Andrea Mara

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German lessons. Typing programs. PE classes. I look back now on the lists I put together in March, the things I thought would fill my kids’ days, and I shake my head. Not in a mean way, I’m just bemused at my early-lockdown-self, the one who thought the kids would spend their time in productive pursuits. In reality, we were too busy and too bored to follow through with any of these things. How can we be so busy and so bored at the same time? I remember thinking over and over. Perhaps boredom isn’t the right word, maybe lack of motivation is more apt. Rudderless.

Homeschool (or more accurately, semi-supervised-homework-while-parents-worked) took up mornings, and afternoons were spent trying to encourage the kids to get outdoors and get some exercise. At first, they were reasonably compliant but as time yawned by, it took more and more work to get them outside. So I bought a whiteboard, on which I wrote “Homeschool, Creativity, Air & Exercise, Chores.” The idea was that they had to tick all four boxes to earn their evening screen-time.

Homeschool was standard; an effort, no  matter how small, was made every day. Chores were often as limited as clearing up after meals – that went for the adults too. “Creativity” could be anything from baking to taking photos of flowers in the garden to telling a joke. The bar was pretty low (though I think her photos are good!)

But “Exercise and Air” was the tricky one. Getting them out of the house was tricky. And as the weeks sloped slowly (and quickly) by, it became even trickier. Normal people up and down the country were chomping at the bit to get out, stretching the outer limits of their 2km, celebrating when it moved to 5. We were wondering if this meant we had to go as far as 5k, despite extreme boredom with our not very exciting 2k. The more we stayed in, the less inclined we were to go out. Reasonably sensible adult that I am, I made myself go for walks and runs, but kids are kids and if they don’t want to do something, it’s hard for them to make themselves do it. And as time went by, it became very hard for me to make them do it.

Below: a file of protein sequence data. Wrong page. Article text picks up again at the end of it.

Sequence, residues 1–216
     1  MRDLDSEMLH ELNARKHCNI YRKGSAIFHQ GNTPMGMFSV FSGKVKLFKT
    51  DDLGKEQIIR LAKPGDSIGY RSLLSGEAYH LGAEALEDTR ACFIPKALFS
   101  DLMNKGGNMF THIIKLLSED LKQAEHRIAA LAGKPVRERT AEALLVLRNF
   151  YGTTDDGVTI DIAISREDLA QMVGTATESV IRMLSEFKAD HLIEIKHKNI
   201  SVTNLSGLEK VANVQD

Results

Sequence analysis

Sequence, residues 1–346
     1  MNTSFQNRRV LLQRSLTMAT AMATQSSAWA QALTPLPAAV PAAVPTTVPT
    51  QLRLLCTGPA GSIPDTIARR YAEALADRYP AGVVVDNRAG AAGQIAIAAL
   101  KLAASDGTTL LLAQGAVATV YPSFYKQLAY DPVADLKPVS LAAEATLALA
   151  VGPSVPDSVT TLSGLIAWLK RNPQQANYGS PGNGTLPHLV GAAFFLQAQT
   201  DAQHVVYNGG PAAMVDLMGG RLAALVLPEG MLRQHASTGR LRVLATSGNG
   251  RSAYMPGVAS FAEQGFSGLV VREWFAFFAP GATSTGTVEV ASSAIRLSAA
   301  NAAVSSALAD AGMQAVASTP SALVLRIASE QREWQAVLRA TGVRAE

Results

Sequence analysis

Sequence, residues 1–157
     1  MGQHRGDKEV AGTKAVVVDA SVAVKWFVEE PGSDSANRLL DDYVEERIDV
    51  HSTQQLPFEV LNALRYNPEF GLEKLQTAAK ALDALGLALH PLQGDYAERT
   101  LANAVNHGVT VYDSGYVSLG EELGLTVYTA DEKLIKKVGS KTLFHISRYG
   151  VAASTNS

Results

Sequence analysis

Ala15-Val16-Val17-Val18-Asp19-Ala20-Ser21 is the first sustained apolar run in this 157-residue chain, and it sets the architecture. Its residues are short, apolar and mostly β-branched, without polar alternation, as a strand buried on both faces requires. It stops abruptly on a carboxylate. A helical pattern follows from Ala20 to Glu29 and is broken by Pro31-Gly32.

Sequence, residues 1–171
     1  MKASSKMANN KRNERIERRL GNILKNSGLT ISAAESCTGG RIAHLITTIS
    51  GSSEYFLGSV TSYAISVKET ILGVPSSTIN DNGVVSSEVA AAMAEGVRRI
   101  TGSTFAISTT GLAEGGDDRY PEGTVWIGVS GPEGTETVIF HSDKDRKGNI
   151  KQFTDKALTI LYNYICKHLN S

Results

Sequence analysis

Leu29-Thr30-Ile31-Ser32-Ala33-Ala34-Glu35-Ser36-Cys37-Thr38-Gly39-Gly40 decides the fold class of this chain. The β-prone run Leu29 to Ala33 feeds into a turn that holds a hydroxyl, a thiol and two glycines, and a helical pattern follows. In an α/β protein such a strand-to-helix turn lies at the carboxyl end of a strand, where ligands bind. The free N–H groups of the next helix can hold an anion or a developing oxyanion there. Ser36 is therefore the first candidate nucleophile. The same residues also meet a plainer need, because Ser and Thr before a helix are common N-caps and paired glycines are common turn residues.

Their increasing reluctance to go out was one of the few constants in a constantly surprising, changing situation. I have a tendency to expect things to be all good or all bad. One-way-only trajectories. But lockdown wasn’t like that and that continually surprised me. There were awful days, shouty days, mind-numbing days, overwhelming days, relaxing days and amazing days. Beautiful sunny bank holiday weekends when we were delighted to be spending hours and hours in the garden, with no pressure to go somewhere and do something productive. Like boats on calm, sunny waters, miles away from everything. But then whoosh, just like that, we were back to an awful day, a shouty day, a downright overwhelming day. Boats in a storm. But mostly we were just adrift. Rudderless.

And as restrictions lifted and we were allowed to do more, it was confusing and surreal and not always as good as it should be. We had Stockholm Syndrome. Institutionalised by weeks and weeks at home, we didn’t feel ready to go out. We struggled to motivate ourselves to go out. Coming up with ingenious day-trip plans that weren’t ingenious at all. No motivation. No structure. Still rudderless.

And then, finally, this week, a change. Playdates. Summer camps. Sports. We have to get up in the morning, and it’s not half as bad as I thought it would be – especially when I can sneak a walk on the pier after sailing camp drop-off.

The kids are finally spending time with other kids – reconnecting with old friends and making new ones. Coming out of camp with big smiles and tired legs and a few more freckles on their noses. Exhausted from air and outdoors and exercise and fun. Good exhausted.

One child has resumed regular playdates with his bestie in place of the virtual Minecraft playdates they’d been having for months (now they just talk about Minecraft for hours on end). One child is at soccer camp with her team-mates around her and a ball at her feet and a smile on her face. One child is at sailing camp, coming home with salt in her hair and stories of boats and sleeping better than she has for months.

At least for now, we are no longer rudderless.





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